Tagged: Red Book

Fall Seminar on Carl Jung’s Red Book

Join me this fall in Portland for a six session seminar on Carl Jung’s Red Book


Carl Jung’s Red Book

Thursdays, September 10 – October 15, 2015 6:30 – 8:30 pm

Tuition: $185

Location: Portland Art Museum, 1219 SW Park Ave, Portland OR 97205

“My soul, where are you? Do you hear me? I speak, I call you—are you there? I have returned, I am here again. I have shaken the dust of all the lands from my feet, and I have come to you.”

Nox Quarta

The story contained in Carl Jung’s Red Book is the story of his inner journey from crisis and terror back to his own soul. It is not fiction, but the carefully transcribed chronicles of visions and dreams that he’d initially feared were the harbingers of psychosis. Rather than attempt to quiet these visions or avoid them, Jung began to understand their value and facilitate them. What resulted are the insights and discoveries that underlie his entire psychology, and a masterful work of mythopoesis illuminated through Jung’s own calligraphic writing and detailed paintings.

In this seminar, we’ll gather to explore these stories of Jung’s journey into the underworld within the galleries of the Portland Art Museum, surrounded by their remarkable collection of world art and artifacts.

Register now!

The Origins and Intention of the Red Book

In Carl Jung’s memoir, Memories, Dreams, Reflections, he discusses the inner experiences that led him to create his magnum opus, what is now known as The Red Book, set to go on display at the Hammer Museum in LA this weekend.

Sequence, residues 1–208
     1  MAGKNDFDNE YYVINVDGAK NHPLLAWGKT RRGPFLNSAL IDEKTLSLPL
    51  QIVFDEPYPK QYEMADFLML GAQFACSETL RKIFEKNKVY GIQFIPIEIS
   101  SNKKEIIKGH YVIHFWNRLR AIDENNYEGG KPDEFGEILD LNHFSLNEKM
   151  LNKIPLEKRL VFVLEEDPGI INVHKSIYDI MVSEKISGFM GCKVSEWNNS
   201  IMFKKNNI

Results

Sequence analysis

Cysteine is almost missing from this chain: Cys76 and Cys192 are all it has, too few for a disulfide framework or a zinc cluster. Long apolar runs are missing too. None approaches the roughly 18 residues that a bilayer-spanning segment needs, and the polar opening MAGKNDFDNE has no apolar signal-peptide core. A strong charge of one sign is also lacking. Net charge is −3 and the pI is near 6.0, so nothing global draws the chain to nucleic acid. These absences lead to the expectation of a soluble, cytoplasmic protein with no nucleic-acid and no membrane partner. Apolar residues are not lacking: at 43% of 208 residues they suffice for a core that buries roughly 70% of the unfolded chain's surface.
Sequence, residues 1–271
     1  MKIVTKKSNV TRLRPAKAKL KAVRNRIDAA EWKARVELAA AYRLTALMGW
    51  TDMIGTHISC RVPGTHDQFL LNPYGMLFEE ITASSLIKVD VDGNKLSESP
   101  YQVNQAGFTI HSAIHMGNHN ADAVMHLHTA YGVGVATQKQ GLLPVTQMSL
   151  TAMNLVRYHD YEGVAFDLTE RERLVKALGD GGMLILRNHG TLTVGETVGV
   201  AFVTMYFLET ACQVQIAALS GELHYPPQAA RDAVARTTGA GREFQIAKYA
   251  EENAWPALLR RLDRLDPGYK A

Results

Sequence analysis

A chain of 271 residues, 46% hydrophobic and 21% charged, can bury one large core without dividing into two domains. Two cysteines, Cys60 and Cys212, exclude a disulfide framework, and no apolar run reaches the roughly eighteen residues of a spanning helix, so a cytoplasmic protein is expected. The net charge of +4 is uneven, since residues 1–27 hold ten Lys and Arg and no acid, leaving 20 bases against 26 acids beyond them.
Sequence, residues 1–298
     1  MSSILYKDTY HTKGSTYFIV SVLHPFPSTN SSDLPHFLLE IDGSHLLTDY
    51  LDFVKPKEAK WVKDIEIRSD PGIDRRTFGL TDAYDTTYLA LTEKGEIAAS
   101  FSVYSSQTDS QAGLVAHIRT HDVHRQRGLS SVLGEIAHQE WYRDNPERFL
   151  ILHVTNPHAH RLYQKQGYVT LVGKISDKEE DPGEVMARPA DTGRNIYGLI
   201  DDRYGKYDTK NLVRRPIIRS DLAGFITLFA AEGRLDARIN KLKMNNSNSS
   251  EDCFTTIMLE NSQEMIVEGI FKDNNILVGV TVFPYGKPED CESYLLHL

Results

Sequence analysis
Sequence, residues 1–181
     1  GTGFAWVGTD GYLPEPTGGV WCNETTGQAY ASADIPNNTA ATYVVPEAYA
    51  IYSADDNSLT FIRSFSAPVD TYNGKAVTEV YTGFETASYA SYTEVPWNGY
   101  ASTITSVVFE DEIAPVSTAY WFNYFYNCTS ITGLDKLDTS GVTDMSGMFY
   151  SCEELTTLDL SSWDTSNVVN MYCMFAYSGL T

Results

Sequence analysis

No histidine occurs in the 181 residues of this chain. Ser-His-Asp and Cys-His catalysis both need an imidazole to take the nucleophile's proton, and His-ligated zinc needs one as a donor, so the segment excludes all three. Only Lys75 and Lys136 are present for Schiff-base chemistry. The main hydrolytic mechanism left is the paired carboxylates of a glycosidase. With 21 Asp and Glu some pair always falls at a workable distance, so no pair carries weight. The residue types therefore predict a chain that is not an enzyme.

After a series of very disturbing dreams, Jung wrote:

On August 1 [1913] the world war broke out. Now my task was clear: I had to try to understand what had happened and to what extent my own experience coincided with that of mankind in general. Therefore my first obligation was to probe the depths of my own psyche. (1961/1989, p. 176)

And probe he did. The result was a near psychosis, or perhaps a full-blown psychosis, that Jung learned to manage through yoga, familial and friendly support, and his own will and determination to continue the inner exploration. His pursuit was unprecedented.

I was frequently so wrought up that I had to do certain yoga exercises in order to hold my emotions in check. . . . I would do the exercises only until I had calmed myself enough to resume my work with the unconscious. . . .To the extent that I managed to translate the emotions into images–that is to say, to find the images which were concealed in the emotions–I was inwardly calmed and reassured. . . .I wrote down the fantasies as well as I could, and made an earnest effort to analyze the psychic conditions under which they had arisen. (1961/1989, p. 177)

The incredible compilation of his work, images and written fantasies, is The Red Book, a book which I have already had the great pleasure of seeing in-person in New York, and which I plan to visit again in LA in a few weeks. I strongly recommend you go see it as well, if you’re anywhere in the area. Jung himself understood his book not simply as an exploration into his own unconscious — and, therefore, the basis for his entire psychological theory that was to come — but as an exploration into a new way of seeing the world, and of being in it. In a time of war, Jung went inside to understand the world and the race of people causing chaos and suffering. The lessons he learned in himself should not be lost on us today.